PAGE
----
Poncho Via stands on a field of grass in Clay County Alabama at the Green Acres Farm in 2017. The steer currently holds the Guinness World Record for having the longest set of horns ever.
The Pope Family
The Pope Family
Six-year-old Poncho Via doesn’t reside in the Lone Star State but he set the Guinness World Record for possessing the longest set of horns on any other Texas longhorn ever.
Last month the steer’s horns were measured from tip to tip at 10 feet, 7.4 inches. In comparison, Ponchos’ spread is more than twice the width of a concert grand piano.
Poncho was raised by the Pope family on a small-town farm in Goodwater, Alabama. In 2013, Jeral Pope Sr. reached out to a local veterinarian asking for assistance in finding a pet longhorn — a fascination that came from a road trip out West, where the elder Pope saw longhorn cattle and decided he had to have one.
Once connected to a rodeo supplier, Pope Sr. purchased 6-month-old Poncho who’s been their “gentle giant” ever since.
Jeral Pope Sr. tends to his pet steer Poncho Via in Clay County Alabama at the Green Acres Farm.
The Pope Family
The Pope Family
Months before Pope Sr. received Poncho, his son Dennis Pope bought himself a longhorn named Moo. Dennis remembers having friendly competition with his dad during the early years of their steers’ lives.
“We would measure each others horns when they were young and ours was always a little ahead of that one,” Dennis told NPR. “Until the horn shape on ours took a big turn up and Poncho’s kept going out straight and it kept growing and growing.”
The Guinness World Records paid the Coosa County celebrity a visit.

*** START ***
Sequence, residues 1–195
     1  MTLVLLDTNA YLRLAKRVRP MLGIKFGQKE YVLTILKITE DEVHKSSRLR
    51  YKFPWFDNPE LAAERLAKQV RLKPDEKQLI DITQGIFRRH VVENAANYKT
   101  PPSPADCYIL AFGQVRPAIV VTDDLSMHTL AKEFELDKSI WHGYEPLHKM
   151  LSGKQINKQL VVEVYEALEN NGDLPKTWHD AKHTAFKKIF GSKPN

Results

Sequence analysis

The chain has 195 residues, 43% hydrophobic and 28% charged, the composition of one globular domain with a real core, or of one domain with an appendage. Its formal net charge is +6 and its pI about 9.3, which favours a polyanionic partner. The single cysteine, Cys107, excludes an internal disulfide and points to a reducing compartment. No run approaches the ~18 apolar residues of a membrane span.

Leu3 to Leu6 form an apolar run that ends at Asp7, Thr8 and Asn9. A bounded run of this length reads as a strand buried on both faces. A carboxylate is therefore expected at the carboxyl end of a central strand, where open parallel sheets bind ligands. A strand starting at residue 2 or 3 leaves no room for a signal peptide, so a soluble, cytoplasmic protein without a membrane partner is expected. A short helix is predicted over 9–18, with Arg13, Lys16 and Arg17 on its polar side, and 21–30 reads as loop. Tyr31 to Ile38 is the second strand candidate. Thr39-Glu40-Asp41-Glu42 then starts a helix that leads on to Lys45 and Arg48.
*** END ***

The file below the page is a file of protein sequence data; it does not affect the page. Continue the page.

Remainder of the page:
Guinness World Records
The Pope family has since kept a close eye on the length of Poncho’s horns, waiting for them to expand long enough to break the record. They even checked previous steers’ measurements to see what they were up against and noticed how much Poncho was growing for his age.
“They were all 9 to 12 to 15-years-old when they were measured for the world record and Poncho’s much younger than that,” he said. “There’s no telling how much he’ll grow. “
However, despite his promising future, Poncho did not meet the records’ standards until days before Guinness verified his length this year.
“I measured him in April and he was not above the world record, he grew a half inch of horn length from April to May,” Dennis said.
Similar to their weight gain, horn growth occurs quickly during their early years, then levels off as they grow older, according to the Texas Longhorn Journal. Although a longhorn is built to manage the length and weight of their rack, the Pope family said the public has expressed some concern regarding Poncho’s horns. Dennis ensures that Poncho is adaptable, smart and has learned exactly where the tips of his horns are.
“He can run through the trees on the farm…he knows where any post is, any obstacle, he just tips his head and goes on. It’s amazing to see him run.” Dennis said.
The steer unseated fellow record-holder and Texas-based longhorn Sato by just over an inch. Pancho will turn 7-years-old on October 3rd.
Sen. Dick Durbin, D-Ill., left and Sen. Lindsey Graham, R-S.C. at a news conference with recipients of the Deferred Action for Childhood Arrival program (DACA) during a 2017 news conference.
Mark Wilson/Getty Images
Mark Wilson/Getty Images
President Trump’s senior adviser and son-in-law Jared Kushner met privately on Tuesday with the longtime Senate architects of plans to provide citizenship for those brought to the country illegally as children.
The meeting has raised concerns among immigration hardliners that Trump’s immigration policy is being “watered down,” will give Democrats an upper hand and alter the focus of the debate from strictly enforcement to a deal that would include legalization.